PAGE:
Looking back, I realized that I, along with everyone else I knew, had only been taught about one vulva. Textbooks showed, and continue to show, one size, shape, and color vulva. They don’t show vulvas like mine, and they probably don’t show vulvas that look like yours either.
Once I learned about genital diversity, I said, “No more.” No more misinformation about women’s genitalia. No more myth of one “normal” vulva. No more women hiding their bodies and not understanding their full capacity for pleasure.
I set out to become the sex educator I wished I’d had. In 2011, I made the decision to stop practicing therapy and start dedicating all of my personal experience, professional expertise, and tireless passion to a new goal: to help women understand and appreciate their genitals.
Knowledge Is an Antidote to Shame and an Invitation to Pleasure
Today, thanks to my holistic education and continued research, I adore my vulva. I love the pleasure my genitals give me, along with the pleasure they give my husband. I also distinctly remember what it was like to view my vulva as some sort of embarrassing secret. I know exactly how hard it can be to feel good in your body and to feel happy about all the parts you were born with, especially your genitals.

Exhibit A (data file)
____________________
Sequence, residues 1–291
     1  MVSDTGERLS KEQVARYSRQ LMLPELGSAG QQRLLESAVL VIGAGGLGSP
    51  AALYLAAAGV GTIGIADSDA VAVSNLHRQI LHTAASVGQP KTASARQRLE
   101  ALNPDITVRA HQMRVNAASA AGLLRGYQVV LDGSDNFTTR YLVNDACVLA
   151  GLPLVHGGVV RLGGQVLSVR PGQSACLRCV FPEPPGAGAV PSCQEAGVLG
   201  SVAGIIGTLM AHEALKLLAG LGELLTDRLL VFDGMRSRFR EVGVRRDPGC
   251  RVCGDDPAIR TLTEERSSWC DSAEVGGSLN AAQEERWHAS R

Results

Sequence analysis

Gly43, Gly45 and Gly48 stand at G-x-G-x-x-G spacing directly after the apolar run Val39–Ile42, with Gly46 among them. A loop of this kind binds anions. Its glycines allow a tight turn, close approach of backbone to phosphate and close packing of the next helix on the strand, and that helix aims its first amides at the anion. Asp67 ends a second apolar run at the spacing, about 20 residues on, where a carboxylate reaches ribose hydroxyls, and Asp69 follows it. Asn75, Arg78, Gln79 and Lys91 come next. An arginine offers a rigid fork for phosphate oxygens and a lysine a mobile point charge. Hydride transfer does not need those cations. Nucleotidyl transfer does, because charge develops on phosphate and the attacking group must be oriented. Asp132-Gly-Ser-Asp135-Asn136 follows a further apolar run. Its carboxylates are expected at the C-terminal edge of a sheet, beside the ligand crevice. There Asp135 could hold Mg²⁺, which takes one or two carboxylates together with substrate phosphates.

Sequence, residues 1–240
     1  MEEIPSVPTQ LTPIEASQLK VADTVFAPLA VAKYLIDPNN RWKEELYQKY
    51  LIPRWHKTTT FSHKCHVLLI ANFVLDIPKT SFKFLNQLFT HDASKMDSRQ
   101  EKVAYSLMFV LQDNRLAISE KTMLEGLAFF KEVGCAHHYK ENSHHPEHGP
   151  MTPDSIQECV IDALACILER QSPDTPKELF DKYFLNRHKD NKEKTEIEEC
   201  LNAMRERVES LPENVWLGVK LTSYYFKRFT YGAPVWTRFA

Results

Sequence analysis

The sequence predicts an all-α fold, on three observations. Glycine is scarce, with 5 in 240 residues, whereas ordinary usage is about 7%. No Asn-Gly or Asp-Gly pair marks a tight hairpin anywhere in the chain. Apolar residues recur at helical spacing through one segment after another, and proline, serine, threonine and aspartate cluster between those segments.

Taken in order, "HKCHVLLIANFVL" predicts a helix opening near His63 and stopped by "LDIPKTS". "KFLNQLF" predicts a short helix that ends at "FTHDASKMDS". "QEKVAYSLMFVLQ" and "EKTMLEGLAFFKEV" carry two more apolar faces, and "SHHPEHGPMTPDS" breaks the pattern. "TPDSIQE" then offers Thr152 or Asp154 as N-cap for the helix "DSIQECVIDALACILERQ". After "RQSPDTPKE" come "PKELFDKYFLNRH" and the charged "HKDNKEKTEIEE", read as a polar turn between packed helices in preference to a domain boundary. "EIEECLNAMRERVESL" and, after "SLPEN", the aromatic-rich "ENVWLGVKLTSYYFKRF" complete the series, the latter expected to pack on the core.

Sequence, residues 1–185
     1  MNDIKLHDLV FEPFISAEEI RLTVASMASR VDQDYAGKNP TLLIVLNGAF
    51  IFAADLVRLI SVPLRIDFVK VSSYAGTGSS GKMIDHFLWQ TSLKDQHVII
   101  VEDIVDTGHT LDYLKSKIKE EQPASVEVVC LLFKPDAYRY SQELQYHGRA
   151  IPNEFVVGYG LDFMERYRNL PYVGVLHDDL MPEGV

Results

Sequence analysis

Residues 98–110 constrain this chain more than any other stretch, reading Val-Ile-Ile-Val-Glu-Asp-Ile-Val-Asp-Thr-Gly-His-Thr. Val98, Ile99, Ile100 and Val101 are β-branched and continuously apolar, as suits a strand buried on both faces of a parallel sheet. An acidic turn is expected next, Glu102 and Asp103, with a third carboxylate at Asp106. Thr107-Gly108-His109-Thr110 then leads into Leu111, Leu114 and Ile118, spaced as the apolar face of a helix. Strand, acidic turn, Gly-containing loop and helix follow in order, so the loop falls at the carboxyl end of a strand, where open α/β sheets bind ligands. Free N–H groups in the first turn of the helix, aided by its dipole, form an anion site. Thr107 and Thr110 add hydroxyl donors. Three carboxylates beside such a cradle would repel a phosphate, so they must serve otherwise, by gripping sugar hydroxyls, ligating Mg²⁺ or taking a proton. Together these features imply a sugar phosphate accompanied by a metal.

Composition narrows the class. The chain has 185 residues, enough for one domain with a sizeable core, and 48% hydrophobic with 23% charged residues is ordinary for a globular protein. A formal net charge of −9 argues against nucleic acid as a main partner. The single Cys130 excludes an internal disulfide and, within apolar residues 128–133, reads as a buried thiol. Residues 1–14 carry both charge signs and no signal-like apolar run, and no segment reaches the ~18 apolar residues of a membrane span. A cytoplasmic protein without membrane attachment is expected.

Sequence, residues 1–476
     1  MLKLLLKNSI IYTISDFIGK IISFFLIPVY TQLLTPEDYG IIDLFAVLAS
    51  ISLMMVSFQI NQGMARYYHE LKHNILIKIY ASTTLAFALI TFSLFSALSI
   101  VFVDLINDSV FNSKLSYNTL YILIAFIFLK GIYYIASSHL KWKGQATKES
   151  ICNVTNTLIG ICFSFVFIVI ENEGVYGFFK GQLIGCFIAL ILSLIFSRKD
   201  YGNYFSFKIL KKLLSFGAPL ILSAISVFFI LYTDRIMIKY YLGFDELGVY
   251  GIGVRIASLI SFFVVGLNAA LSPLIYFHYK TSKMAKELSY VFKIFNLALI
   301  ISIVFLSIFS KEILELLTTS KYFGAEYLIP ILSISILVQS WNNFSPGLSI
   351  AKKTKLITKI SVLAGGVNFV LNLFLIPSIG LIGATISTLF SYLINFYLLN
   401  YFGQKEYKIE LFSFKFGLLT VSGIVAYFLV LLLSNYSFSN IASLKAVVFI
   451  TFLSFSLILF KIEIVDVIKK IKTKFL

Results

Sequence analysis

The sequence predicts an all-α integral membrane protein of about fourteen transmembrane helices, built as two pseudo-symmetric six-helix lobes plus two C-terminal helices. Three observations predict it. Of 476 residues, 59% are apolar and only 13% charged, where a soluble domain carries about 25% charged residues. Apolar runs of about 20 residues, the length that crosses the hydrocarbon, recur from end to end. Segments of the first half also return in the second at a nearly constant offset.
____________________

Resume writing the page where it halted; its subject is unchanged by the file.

I also know how freeing it is to realize you are not alone—and that with proper education, you have nothing to be ashamed of, nothing to hide. Learning that my genitals were healthy and normal helped end the shame and embarrassment I had long felt.
Now, I want to pass all I’ve learned and discovered onto other girls and women who may be feeling like I did. I am a welcoming, non-judgmental, non-shaming, and highly informative sex educator who brings humor and personality into the work I do. Sex is a serious matter, and shame is not something to treat lightly. However, if we can’t bring play, laughter, pleasure, joy, and humor into the way we talk about sex, then we can’t bring them into our sexual experiences either. At the end of the day, sex is about connection, pleasure, and joy. So, it’s only appropriate that I teach from a space of compassion, lightness, and fun.